Admiral Reveals Drivers' Attitudes Towards Passengers

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Research conducted by Admiral has revealed that almost four in ten (39%) drivers admit that having people in their car distracts them from the road.

New research from Admiral has revealed Britain's motorists are being driven to distraction by their passengers with almost four out of ten (39%) drivers admitting they find other people in their car diverts their attention from the road.

For many motorists having a passenger has also proved to be a real problem. The survey of 2,000 motorists by Admiral showed as many as one in six (17%) drivers have crashed or had a near miss due to the actions of a passenger.

According to those polled, the top two most distracting types of passenger activity are backseat driving and children making noise (both 37%), however many drivers (30%) also find general chatter with passengers off-putting when they're driving.

For some unlucky drivers, opinionated adults and noisy kids aren't the only types of irritating passenger. Some of more unusual reasons why passengers had caused them to crash include:

1. A wasp entered the car, my girlfriend flipped out and caused a big scene and I crashed into the curb

2. I got drowsy because my passenger insisted on having the heater turned up full

3. My ex-wife slapped me in the face whilst I was driving at speed on the M5

4. My mate poked me in the eye whilst I was driving on a roundabout. I could not see a thing and had
to stop

5. Passenger pulled up the handbrake

Admiral's managing director, Sue Longthorn said: "Whilst these are extreme examples of accidents caused by passengers they do highlight how easy it is to be sidetracked by the people in your vehicle, whether they're noisy children or adults who think they know how you should be driving.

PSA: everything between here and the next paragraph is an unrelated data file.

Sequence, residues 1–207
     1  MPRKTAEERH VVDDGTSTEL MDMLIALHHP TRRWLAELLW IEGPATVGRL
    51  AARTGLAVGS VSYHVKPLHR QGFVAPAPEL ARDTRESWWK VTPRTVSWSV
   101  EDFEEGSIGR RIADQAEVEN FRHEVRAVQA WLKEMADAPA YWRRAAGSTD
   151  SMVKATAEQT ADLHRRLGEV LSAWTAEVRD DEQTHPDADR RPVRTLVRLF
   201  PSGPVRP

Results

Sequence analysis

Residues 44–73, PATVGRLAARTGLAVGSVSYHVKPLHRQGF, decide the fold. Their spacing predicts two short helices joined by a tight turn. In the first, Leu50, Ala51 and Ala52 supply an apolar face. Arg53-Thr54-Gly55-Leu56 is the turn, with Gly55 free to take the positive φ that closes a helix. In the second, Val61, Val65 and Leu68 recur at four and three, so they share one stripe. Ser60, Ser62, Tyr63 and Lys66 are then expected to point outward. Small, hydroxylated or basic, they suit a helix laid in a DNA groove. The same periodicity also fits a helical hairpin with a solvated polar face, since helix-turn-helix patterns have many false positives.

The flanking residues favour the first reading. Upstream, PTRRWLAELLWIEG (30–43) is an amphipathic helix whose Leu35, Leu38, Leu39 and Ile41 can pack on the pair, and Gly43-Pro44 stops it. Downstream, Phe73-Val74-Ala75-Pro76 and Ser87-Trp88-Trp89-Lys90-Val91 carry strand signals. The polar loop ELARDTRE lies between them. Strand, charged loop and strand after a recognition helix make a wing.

"Motorists are carrying passengers in three out of ten of the accidents reported to us and the most common type of accident for a motorist with passengers is where another vehicle has hit our customer's open door. I'm sure many of us have been guilty at some point of not always paying attention when exiting our car and it seems this type of accident probably has something to do with talking to passengers instead of checking for traffic."

Admiral, the car insurance specialists has further revealed that according to their research almost four out of ten (38%) motorists alter the way they drive when carrying passengers – but not always for the better. While almost three out of ten (29%) said they drive more slowly and carefully with passengers, almost one in ten (9%) admitted it made them drive faster and less carefully.

Four out of ten (40%) motorists said they prefer driving without any passengers and almost a quarter (23%) said they are more nervous driving with passengers than on their own.

There's a marked difference between the sexes too and driving with other people is certainly more of a concern for women than it is for men. More women than men prefer driving without passengers and twice as many women as men admit to being nervous with passengers in the car with them.

Despite more women admitting to finding passengers distracting, the research from Admiral showed almost twice as many male motorists than female motorists admit to having a crash which was caused by a passenger distracting them.

About Admiral:
Admiral, (a trading name of EUI Ltd) launched in 1993, is part of Admiral Group plc. It was set up to target those motorists who traditionally pay higher than average premiums, including under-35s, those living in cities or driving hot hatches. It now offers its unique Admiral MultiCar policy for households with two or more cars.

Admiral writes its motor insurance business to a consortium of insurers, these being:

  • Admiral Insurance Company Ltd
  • Admiral Insurance (Gibraltar) Limited
  • Great Lakes Reinsurance (UK) plc

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Natalie Grimshare
Admiral
029 2043 4333
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